Over the last couple of years, we’ve seen American Express increase annual fees on many of their cards. While Amex has added benefits, they’ve also been making it tougher to use a lot of the benefits, by splitting them into monthly installments. That’s one of the primary reasons why I wrote a few weeks back about why I plan to dump the Amex Platinum card, which now carries a $695 annual fee. However, if you travel every now and then and need a card for your daily spend, then the Amex Green card is often a product many tend to overlook. In this post, I’ll explain why the card still carries a decent value for travel and dining related spend.
Currently, you can earn a welcome bonus of 50,000 Membership Rewards points after you spend $2,000 in the first 6 months. This bonus is pretty easy to achieve if you simply spend a minimum of $334 per month.
Earning Membership Rewards Points
The card offers some really decent rates when it comes to earning points on travel and dining related spend.
- 3x points for every dollar you spend on transit (trains, buses, ferries, subways)
- 3x points for every dollar you spend on all travel (airlines, hotels, cruises, tours, car rentals) and dining (restaurants all over the work and delivery/takeout services in the US)
- 1x on all other purchases
Benefits & Credits
- $100 Clear credit
- $100 lounge access credit via LoungeBuddy
- No foreign transaction fees
- Trip Delay & Baggage Insurance
- Car Rental & Loss Damage Insurance
- Purchase Protection, Extended Warranty
American Express does have a one bonus per lifetime rule. In a nutshell, American Express may not approve you for the welcome bonus on this card if you currently have the card or have had the card in the past and received a welcome bonus for the same. This may also include any upgrade or downgrade offers that you may have signed up for.
Every now and then, we see American Express loosening these restrictions for certain card applications. If you’re ineligible for the bonus, you should ideally see a popup informing you about the same before you submit you application.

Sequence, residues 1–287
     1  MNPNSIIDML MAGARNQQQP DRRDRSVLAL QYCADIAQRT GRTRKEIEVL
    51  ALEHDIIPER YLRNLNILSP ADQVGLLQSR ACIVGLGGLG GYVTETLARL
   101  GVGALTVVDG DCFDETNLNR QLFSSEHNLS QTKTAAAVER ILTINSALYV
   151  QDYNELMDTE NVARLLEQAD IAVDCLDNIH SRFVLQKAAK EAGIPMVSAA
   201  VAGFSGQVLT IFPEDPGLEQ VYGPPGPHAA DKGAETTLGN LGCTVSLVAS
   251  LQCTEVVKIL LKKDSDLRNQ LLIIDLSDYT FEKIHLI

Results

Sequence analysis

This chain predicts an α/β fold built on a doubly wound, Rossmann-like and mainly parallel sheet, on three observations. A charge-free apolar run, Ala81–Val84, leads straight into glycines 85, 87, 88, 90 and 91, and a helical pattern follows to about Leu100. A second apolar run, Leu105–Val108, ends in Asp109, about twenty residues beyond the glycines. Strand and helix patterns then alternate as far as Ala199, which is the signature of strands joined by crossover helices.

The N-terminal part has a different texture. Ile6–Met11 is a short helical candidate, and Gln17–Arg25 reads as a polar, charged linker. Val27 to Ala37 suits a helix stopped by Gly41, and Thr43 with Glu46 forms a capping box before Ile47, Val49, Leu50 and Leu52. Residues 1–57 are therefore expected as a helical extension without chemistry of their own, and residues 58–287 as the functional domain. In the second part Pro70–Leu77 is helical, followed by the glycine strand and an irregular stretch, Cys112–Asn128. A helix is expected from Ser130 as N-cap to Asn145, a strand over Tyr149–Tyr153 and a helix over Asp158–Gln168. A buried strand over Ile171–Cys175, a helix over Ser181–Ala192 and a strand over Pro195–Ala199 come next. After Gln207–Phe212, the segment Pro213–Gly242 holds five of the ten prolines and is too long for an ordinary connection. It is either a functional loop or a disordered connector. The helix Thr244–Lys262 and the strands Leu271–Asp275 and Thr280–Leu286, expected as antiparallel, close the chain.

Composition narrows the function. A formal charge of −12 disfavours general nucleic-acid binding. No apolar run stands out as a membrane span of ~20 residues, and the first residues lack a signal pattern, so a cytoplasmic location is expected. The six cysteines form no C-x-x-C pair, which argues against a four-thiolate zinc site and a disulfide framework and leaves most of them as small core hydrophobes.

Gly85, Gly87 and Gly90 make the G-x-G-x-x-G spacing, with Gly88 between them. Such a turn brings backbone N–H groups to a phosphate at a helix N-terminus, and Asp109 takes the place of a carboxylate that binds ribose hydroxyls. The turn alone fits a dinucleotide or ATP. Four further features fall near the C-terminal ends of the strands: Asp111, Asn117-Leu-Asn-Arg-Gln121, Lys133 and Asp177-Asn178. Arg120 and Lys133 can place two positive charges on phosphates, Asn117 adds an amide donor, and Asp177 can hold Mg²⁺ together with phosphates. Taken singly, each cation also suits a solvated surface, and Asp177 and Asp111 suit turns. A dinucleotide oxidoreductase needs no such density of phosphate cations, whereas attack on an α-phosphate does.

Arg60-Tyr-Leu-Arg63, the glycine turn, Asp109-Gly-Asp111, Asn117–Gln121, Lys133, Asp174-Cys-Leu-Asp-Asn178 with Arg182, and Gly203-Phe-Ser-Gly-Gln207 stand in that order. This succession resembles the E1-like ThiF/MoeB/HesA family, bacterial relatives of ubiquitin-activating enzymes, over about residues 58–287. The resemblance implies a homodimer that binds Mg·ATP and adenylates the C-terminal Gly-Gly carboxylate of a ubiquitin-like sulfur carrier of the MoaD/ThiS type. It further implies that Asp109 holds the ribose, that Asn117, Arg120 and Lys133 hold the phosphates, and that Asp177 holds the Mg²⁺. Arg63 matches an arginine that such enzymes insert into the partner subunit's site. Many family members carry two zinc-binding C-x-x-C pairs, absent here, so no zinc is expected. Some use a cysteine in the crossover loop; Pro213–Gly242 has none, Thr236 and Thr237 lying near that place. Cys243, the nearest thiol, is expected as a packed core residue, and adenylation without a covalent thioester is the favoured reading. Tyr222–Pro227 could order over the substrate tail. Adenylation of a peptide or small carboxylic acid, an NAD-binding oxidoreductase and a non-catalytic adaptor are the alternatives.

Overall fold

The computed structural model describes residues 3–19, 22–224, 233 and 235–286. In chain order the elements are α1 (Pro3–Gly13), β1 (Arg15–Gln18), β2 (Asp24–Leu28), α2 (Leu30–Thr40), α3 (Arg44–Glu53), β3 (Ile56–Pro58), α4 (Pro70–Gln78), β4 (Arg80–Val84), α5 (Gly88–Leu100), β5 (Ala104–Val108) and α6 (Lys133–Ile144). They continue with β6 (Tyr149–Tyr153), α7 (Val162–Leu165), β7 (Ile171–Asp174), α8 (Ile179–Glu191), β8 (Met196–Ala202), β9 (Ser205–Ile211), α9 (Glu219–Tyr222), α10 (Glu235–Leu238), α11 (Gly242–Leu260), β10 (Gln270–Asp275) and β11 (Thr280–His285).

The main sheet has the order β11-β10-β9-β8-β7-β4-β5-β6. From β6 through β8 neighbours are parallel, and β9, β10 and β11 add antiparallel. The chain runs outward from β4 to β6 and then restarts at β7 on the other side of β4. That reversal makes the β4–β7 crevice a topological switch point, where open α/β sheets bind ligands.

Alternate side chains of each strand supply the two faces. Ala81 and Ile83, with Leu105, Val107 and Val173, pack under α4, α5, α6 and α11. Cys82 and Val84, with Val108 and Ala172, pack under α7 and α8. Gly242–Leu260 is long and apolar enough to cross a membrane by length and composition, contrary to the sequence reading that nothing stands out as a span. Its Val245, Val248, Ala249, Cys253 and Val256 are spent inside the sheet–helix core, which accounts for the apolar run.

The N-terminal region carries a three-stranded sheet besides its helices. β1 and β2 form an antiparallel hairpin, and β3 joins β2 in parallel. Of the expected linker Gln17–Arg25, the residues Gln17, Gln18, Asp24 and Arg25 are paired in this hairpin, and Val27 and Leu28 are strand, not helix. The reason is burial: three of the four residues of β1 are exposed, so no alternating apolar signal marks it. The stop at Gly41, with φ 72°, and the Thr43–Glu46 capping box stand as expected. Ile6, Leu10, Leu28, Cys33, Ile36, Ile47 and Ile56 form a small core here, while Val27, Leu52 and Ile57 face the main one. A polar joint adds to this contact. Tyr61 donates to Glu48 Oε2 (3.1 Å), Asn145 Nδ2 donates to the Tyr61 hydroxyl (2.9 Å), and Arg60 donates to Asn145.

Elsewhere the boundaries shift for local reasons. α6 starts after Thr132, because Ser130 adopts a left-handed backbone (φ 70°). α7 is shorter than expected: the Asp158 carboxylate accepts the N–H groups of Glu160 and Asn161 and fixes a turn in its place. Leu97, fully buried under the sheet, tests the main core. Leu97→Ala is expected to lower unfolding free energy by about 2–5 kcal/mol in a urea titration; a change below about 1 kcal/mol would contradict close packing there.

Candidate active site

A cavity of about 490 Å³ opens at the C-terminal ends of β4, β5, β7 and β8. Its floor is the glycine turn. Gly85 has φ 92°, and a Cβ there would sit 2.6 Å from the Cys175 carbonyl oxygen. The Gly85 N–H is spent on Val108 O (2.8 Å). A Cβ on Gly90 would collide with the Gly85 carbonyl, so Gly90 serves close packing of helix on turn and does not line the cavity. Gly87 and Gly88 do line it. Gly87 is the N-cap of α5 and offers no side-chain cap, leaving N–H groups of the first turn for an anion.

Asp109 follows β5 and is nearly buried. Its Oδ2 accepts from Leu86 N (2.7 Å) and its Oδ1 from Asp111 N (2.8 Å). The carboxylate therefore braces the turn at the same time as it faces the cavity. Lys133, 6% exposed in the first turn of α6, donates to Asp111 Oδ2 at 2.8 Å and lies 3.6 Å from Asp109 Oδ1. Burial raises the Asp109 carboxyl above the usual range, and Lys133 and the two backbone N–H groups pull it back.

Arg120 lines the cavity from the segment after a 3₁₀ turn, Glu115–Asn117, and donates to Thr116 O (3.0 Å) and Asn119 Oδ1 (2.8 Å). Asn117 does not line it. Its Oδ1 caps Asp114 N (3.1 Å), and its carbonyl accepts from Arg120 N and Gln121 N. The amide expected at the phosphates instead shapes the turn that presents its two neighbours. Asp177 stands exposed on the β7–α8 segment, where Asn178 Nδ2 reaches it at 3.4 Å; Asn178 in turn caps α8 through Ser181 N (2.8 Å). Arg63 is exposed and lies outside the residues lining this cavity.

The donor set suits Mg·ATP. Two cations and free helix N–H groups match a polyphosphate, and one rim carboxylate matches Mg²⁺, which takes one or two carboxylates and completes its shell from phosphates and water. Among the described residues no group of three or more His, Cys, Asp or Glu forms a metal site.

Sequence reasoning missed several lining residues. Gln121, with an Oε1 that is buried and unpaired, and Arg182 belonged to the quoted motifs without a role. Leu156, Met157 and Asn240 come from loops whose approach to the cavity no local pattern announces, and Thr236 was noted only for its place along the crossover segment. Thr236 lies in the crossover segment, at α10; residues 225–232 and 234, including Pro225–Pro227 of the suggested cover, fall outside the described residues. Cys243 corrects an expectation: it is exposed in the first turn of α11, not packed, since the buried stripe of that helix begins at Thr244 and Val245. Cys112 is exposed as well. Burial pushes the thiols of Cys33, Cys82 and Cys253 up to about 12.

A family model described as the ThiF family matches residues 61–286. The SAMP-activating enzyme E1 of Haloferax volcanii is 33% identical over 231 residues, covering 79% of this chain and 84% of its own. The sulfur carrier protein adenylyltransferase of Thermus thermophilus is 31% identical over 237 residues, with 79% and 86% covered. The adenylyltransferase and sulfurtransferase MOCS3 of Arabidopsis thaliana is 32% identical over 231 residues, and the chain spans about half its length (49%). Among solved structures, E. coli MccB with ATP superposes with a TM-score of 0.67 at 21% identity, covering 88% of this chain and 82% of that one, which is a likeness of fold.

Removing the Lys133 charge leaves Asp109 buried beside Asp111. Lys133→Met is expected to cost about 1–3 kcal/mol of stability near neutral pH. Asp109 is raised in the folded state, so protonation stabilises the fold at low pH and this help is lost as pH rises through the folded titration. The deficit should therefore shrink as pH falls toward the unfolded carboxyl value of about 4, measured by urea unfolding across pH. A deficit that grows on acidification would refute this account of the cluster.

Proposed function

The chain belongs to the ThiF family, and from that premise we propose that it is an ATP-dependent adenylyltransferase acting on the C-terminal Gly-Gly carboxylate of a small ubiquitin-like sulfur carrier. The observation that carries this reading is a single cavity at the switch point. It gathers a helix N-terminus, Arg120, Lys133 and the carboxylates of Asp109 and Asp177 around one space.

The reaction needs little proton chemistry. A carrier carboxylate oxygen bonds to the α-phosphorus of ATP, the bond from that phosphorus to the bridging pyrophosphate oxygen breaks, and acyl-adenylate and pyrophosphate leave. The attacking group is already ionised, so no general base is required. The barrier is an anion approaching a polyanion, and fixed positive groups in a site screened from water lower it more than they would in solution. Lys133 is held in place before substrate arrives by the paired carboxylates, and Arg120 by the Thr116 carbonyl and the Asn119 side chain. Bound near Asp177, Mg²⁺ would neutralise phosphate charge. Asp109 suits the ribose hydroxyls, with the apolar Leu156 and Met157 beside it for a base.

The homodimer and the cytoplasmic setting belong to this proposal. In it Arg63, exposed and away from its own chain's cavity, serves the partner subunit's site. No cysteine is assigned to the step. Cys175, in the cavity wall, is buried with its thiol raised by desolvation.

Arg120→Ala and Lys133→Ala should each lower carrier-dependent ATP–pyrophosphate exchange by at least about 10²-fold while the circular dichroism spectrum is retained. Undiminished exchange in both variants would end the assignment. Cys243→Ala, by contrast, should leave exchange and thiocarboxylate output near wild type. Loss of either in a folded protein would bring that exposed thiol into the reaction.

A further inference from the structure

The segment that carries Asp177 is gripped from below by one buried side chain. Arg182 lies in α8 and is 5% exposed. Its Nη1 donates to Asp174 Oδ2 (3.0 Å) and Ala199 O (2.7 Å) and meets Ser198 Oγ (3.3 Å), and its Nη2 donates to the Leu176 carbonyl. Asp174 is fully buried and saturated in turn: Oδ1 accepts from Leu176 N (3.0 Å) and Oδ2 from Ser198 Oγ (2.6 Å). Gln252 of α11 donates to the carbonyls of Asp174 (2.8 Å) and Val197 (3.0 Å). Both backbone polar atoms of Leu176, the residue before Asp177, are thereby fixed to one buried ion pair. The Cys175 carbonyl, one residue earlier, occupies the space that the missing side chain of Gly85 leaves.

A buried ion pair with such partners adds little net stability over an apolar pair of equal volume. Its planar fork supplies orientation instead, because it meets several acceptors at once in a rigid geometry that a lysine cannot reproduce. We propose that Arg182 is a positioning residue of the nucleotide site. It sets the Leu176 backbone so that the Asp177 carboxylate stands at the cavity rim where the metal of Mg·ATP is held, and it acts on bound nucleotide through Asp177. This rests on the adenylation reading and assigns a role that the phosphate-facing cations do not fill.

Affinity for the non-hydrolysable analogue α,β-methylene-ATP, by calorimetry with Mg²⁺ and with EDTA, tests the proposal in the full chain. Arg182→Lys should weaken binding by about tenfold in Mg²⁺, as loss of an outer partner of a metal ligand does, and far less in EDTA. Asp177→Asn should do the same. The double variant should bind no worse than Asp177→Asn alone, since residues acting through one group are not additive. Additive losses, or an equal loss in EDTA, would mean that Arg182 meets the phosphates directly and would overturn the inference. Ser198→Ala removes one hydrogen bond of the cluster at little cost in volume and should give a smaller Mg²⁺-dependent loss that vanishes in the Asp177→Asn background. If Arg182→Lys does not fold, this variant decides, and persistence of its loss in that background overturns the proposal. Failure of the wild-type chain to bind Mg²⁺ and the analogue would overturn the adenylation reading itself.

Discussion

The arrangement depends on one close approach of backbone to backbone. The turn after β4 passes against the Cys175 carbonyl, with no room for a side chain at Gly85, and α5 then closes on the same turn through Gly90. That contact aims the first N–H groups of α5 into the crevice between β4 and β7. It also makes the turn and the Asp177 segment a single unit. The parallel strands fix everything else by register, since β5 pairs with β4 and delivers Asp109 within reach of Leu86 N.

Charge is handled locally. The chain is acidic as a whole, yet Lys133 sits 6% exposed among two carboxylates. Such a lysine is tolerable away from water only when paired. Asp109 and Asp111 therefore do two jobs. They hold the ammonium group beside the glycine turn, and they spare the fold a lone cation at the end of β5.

Crunching the Numbers
Let’s say the average family spends $50 on dining on the weekend. That equates to about $2,600 on dining spend per year. As per a recent survey, the average American spends about $2,000 on travel each year. If you simply add up both these amounts and charge to your Amex Green card, you’ll end up earning 13,800 Membership Rewards points. Even if you conservatively value Membership Rewards rewards points at 1.5 cents per point, you’ll still get a value of $207.
Even if you don’t value the lounge access at face value, you can easily get some value out of it if you simply make a couple of trips each year. For a card that carries an annual fee of $150, that’s pretty decent value in the first year in addition to the 50k points bonus.
The Pundit’s Mantra
The world of travel has changed drastically and remains in transition. Covid-19 and the resulting travel restrictions have definitely made me review my wallet. I’m slowly switching from a benefit rich, high annual fee road warrior like travel strategy. to one that’s more targeted in terms of specific travel programs and points currencies. As always, I continue to focus on padding my balances with Amex Membership Rewards and Chase Ultimate Rewards.
While this may not be a card that gets a lot of limelight due to its lack of premium travel benefits, it’s still carries a lot of value when it comes to earning points on travel and dining related spend. Also, unlike the Amex Gold and Platinum, the annual fee doesn’t give you a sticker shock. Also, I don’t have to track credits or rebates that expire each month, which can be a real pain with the Amex Gold and Platinum cards.
Which is your favorite Amex card for travel and dining spend? Do you find the Amex Green Card an appealing proposition to earn Amex Membership Rewards points? Tell us in the comments section.